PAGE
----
Passion's Fortune: The Story of Mills & Boon

Passion's Fortune: The Story of Mills & Boon

Passion's Fortune: The Story of Mills & Boon

Passion's Fortune: The Story of Mills & Boon


This is the first history of Mills & Boon, the British publishing phenomenon which has become a household name, synonymous with romantic fiction. On the firm's 90th anniversary, Joseph McAleer has written the first history of Mills & Boon, drawing upon a long-lost archive of over 50,000 letters which reveal the intricate relationship between editorial policy, social attitudes, and sales. McAleer examines the dictates of the Mills & Boon formula and demonstrates how novels were 'Managed' by the firm to ensure maximum sales and to nurture a cadre of loyal readers in Britain and throughout the Commonwealth. The result is a cultural phenomenon whose 'product' reflected the attitudes and morals of the age while offering women an addictive escape from everyday life. It's a fascinating read for anyone who's ever wondered about writing a Mills & Boon, or wants to understand the story behind one of the most successful British firms of the twentieth century.


Publishing is how you relate to authors.

Alan Boon

Mills & Boon is a trademark that is so imbued in the British psyche. It's like
Blackpool Rock. It is a tremendous pull. If anyone says Mills & Boon, you know
immediately what they mean.

Jane Donnelly

IN a dusty corner of the Mills & Boon archive at the firm's headquarters in Richmond, outside London (the address, fittingly enough, is Paradise Road), lies a tattered notebook called Boon Mots. Subtitled 'An Anthology of Artless Extracts culled from the writings of Mills & Boon's Authors', the book was compiled over several years by the firm's editors, who copied and pasted in memorable entries as they read manuscripts--and before they applied the blue pencil. The collection was intended for amusement, and it certainly is amusing. Of the hero in one novel, for example, it is said, 'He looked like a two-egg man,' and, 'Lucky man, Magnus, not only a leading stud but a profitable banana farm.' The heroine's curiosity 'seemed to leap forward on its own violation'. About her Mother, 'It was easy dishwashing and she did have a conscience about Mummy, who was frequently under the doctor for something or other.' The heroine in one of Mills & Boon's famous Doctor-Nurse novels hears the surgeon whisper during the operation, 'Careful--a small prick coming.' Seduction scenes, which were intended to be serious and romantic, sometimes had the opposite effect:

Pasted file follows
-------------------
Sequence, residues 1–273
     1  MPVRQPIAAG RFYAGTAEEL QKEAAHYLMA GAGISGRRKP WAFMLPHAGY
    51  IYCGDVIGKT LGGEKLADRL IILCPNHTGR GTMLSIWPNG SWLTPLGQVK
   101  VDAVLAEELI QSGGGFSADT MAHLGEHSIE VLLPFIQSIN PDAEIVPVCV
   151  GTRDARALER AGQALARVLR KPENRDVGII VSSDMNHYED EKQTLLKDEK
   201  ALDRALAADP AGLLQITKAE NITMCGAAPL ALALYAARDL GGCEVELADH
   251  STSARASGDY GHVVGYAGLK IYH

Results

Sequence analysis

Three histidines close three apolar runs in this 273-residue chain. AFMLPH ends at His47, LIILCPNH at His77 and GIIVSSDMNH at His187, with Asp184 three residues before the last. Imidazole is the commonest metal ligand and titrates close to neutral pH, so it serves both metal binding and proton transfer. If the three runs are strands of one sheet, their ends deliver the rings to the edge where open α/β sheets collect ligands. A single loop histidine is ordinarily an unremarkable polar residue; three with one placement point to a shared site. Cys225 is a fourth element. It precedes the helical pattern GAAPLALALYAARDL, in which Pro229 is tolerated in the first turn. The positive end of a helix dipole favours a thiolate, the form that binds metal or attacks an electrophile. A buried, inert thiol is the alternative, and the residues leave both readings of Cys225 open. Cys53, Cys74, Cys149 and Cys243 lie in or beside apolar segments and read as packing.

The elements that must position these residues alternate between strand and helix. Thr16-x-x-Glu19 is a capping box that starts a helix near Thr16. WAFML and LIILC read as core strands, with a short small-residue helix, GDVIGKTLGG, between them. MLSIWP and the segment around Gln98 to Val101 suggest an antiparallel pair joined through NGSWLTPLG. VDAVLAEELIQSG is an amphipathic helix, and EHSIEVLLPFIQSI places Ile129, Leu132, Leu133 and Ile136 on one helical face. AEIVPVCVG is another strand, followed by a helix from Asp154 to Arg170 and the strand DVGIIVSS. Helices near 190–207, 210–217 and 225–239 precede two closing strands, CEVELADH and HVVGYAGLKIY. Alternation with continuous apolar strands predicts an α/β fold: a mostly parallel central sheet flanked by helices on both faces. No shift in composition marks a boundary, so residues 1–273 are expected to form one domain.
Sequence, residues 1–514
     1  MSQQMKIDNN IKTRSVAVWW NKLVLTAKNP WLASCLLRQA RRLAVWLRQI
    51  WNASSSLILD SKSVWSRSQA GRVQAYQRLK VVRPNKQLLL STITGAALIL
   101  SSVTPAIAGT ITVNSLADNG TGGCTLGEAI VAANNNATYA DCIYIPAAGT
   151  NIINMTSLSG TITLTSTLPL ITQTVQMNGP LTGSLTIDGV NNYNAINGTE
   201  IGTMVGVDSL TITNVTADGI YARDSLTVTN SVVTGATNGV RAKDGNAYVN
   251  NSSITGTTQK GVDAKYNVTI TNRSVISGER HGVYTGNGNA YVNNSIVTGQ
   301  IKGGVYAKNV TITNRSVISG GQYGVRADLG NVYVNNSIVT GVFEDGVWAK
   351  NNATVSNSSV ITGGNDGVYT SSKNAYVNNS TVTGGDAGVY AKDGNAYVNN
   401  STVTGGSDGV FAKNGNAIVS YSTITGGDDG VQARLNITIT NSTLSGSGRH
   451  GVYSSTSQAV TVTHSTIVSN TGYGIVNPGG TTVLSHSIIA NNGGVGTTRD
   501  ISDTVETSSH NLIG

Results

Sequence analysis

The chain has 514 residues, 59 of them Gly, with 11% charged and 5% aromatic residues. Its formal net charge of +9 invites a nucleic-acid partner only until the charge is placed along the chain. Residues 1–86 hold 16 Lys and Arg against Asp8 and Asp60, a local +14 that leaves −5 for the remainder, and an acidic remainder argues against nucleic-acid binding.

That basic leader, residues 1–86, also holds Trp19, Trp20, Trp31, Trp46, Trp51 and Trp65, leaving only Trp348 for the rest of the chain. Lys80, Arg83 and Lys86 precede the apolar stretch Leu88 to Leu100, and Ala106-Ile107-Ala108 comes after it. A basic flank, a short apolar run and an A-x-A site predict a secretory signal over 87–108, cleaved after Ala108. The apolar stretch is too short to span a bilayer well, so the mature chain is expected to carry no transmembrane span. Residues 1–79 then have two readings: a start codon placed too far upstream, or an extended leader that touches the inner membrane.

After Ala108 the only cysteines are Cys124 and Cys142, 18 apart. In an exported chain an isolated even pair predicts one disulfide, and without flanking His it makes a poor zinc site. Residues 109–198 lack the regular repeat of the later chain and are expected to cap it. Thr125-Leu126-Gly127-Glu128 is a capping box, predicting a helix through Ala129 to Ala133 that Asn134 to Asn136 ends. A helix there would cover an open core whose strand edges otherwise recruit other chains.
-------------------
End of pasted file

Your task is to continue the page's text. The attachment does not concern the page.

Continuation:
'My darling, help me to grope back to your white ways,' he said, his voice hoarse with emotion.

'You won't have to grope. You got there last night.'

In another manuscript, the hero pledges his eternal love: 'Anything you desire--I'm ready, willing, and able, as the hose pipe said to the fire.'

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